United Airlines will take a special charge of $434 million in the second quarter, largely due to a regulatory move that has made its takeoff and landing time slots at Newark Liberty International Airport worthless.
United dominates Newark, one of the nation’s most important airports, with a 73% share of slots. It had planned to acquire 24 more slots from Delta but scrapped the deal in April after the Federal Aviation Administration announced that effective Oct. 31, landing and takeoff restrictions would be lifted to promote competition at Newark, where fares are among the nation’s highest.
On Tuesday, the carrier said it had determined that the FAA’s action “has impaired the entire value of its Newark slots because the slots will no longer be the mechanism that governs take-off and landing rights.”
As a result, it added in a news release, “the company expects to record a $412 million special charge ($264 million after income taxes) to write off the intangible asset.”
Slot restrictions were imposed eight years ago at Newark to ease airspace congestion. United controls 905 slots and the Delta deal would have increased its share to 75%.
“United has long been criticized for under-utilizing slots that it holds in order to preserve its market-leading position,” The New York Times reported.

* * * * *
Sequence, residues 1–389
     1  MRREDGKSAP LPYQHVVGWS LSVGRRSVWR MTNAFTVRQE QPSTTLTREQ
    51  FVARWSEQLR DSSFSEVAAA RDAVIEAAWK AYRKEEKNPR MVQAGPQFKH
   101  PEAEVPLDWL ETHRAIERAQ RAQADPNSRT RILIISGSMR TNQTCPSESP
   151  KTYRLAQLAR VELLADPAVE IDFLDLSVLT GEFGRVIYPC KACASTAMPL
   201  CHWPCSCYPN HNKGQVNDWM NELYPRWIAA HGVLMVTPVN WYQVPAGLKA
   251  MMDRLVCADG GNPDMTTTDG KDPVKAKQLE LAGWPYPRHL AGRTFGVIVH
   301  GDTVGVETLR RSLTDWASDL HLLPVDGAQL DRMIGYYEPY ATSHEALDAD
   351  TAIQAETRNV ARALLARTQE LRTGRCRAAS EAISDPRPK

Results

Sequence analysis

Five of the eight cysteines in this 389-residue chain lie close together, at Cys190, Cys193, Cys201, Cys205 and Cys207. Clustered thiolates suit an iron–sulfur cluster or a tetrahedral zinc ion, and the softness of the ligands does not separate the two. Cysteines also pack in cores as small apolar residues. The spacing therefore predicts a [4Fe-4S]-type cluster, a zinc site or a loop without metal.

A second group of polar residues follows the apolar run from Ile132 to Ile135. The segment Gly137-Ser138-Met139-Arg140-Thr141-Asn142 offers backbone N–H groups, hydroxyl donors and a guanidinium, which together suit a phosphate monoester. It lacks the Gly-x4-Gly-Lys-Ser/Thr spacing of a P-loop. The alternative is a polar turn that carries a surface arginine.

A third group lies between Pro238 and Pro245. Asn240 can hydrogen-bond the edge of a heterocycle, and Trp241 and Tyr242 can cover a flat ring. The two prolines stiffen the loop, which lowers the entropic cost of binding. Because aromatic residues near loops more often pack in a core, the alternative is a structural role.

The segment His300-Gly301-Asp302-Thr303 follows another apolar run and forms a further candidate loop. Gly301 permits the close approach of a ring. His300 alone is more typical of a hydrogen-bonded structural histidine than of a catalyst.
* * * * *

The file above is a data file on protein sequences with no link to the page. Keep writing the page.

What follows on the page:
In November, the Justice Department filed an antitrust lawsuit to block the Delta deal. “The FAA’s action [to lift slot restrictions] opens up Newark to more robust competition and achieves the very outcome we sought in litigation: protecting consumers from United’s plan to enlarge its monopoly at Newark,” Assistant Attorney General Bill Baer said in April.
United will report its first-quarter earnings next Wednesday. “What they are saying is Newark is not quite the fortress hub it once was, in terms of profitability,” Seth Kaplan, managing partner at Airline Weekly, told the Asbury Park Press.
While United will remain the dominant carrier at Newark, he said, it will have less ability to “hoard” or “squat on” unused slots and prevent competitors from using them.